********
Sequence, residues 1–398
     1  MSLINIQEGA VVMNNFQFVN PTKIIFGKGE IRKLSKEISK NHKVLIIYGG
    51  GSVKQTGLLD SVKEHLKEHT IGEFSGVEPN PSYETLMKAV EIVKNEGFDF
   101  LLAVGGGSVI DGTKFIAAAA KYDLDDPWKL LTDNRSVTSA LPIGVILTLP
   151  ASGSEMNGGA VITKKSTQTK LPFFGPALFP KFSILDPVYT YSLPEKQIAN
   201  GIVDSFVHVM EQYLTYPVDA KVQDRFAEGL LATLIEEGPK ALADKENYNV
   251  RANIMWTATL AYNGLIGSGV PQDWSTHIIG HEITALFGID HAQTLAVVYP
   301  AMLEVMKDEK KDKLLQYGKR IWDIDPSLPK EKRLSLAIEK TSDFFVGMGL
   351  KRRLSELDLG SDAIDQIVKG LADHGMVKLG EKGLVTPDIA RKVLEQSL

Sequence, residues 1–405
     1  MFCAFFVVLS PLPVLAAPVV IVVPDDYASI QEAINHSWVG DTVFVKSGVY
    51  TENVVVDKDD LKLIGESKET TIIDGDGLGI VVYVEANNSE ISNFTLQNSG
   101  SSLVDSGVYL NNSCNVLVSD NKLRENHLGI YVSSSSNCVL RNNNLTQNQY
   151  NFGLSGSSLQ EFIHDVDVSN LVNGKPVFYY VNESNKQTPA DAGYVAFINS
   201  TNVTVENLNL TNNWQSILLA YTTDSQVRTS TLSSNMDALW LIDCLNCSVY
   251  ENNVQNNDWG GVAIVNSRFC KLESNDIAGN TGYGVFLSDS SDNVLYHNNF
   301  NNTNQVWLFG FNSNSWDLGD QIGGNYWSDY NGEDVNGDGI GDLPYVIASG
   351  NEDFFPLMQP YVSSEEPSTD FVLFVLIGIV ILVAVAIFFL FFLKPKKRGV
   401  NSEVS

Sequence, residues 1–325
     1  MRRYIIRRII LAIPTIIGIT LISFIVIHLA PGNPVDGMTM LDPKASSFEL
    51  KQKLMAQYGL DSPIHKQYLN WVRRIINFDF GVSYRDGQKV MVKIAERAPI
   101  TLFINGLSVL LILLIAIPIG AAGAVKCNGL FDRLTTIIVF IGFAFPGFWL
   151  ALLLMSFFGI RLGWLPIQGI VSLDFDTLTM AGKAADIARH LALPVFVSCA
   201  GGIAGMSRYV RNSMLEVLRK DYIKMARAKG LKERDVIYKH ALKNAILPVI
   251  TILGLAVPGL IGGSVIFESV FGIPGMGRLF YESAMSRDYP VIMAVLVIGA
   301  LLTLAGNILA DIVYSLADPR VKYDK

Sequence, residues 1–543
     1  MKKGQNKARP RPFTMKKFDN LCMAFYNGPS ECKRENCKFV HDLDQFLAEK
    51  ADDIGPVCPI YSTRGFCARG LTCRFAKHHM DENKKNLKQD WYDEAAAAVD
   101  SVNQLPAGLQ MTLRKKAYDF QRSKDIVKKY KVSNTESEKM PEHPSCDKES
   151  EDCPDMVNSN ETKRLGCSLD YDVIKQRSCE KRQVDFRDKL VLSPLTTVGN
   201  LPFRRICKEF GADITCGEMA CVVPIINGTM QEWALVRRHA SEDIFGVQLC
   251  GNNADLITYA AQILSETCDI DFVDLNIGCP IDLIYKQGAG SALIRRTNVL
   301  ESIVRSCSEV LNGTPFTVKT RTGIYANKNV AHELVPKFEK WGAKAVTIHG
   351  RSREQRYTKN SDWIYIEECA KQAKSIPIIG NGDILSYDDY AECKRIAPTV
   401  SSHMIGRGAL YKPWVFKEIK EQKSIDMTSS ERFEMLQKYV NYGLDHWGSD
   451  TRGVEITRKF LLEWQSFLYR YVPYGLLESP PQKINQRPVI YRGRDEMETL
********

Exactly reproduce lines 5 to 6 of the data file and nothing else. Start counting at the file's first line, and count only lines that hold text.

   151  ASGSEMNGGA VITKKSTQTK LPFFGPALFP KFSILDPVYT YSLPEKQIAN
   201  GIVDSFVHVM EQYLTYPVDA KVQDRFAEGL LATLIEEGPK ALADKENYNV